This article presents a critique of conventional collaboration transparency systems, also called “application-sharing” systems, which provide the real-time shared use of legacy single-user applications. We find that conventional collaboration transparency systems are inefficient in their use of network resources and lack support for key groupware principles: concurrent work, relaxed WYSIWIS, and group awareness. Next, we present an alternative approach to implementing collaboration transparency that provides many features previously seen only in collaboration-aware applications. Our approach is based on a replicated architecture where selected single-user interface components are dynamically replaced by multiuser versions. The replacement occurs at run-time and is transparent to the single-user application and its developers. As an instance of this approach, we describe its incorporation into a Java-based collaboration transparency system for serializable, Swing-based Java applications, called Flexible JAMM (Java Applets Made Multiuser). To validate that the flexible collaboration transparency system is truly an improvement over conventional systems, we conducted an empirical study of collaborators performing both tightly and loosely coupled tasks using Flexible JAMM versus a representative conventional collaboration transparency system, Microsoft NetMeeting. Completion times were significantly faster in the loosely coupled task using Flexible JAMM and were not adversely affected in the tightly coupled task. Accuracy was equivalent for both systems. Participants greatly preferred Flexible JAMM.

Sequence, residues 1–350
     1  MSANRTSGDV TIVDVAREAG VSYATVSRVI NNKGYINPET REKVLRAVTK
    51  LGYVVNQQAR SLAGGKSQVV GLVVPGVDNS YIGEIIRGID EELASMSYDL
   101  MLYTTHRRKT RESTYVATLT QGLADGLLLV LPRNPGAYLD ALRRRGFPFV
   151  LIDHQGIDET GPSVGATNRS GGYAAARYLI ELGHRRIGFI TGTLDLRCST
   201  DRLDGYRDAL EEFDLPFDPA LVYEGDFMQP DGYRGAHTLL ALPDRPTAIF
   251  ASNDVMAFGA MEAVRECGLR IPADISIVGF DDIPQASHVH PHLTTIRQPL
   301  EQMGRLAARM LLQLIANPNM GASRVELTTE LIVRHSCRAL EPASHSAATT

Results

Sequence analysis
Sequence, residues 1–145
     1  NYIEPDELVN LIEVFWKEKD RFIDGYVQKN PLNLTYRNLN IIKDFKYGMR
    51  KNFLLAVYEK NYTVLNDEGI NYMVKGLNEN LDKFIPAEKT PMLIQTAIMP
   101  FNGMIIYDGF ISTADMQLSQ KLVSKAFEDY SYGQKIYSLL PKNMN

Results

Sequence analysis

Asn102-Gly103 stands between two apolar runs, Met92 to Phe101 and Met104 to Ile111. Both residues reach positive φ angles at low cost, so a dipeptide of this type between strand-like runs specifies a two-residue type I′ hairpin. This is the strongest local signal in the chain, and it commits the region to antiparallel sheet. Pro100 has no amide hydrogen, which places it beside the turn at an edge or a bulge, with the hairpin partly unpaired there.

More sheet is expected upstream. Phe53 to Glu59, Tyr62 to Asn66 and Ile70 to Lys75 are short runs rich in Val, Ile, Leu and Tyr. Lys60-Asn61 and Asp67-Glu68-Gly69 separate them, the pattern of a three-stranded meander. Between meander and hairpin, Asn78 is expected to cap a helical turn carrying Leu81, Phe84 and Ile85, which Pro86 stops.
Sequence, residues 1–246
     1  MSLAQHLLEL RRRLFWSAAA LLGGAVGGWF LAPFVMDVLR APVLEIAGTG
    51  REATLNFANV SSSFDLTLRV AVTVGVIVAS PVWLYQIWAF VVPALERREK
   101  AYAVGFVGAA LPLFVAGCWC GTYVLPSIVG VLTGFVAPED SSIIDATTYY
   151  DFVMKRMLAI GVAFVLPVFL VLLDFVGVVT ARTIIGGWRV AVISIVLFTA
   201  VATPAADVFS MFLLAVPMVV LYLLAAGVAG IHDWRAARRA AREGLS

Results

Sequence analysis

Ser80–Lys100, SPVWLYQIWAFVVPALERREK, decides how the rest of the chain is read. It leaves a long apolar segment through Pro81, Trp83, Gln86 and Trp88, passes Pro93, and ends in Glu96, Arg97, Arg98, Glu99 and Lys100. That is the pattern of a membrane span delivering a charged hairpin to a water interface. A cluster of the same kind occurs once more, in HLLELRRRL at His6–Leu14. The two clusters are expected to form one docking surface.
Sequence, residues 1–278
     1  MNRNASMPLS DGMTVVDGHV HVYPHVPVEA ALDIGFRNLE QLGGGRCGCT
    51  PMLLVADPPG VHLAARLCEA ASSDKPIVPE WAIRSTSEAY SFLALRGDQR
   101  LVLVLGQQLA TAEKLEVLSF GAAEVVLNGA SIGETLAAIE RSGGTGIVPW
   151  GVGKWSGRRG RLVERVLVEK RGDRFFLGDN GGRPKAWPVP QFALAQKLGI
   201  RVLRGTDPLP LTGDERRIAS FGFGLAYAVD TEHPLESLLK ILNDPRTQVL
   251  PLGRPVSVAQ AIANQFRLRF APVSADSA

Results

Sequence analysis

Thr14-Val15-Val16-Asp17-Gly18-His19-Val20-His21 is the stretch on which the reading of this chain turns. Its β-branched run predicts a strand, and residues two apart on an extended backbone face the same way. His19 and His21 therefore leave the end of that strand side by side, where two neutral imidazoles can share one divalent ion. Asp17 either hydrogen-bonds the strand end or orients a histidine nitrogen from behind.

All Science Journal Classification (ASJC) codes
- Human-Computer Interaction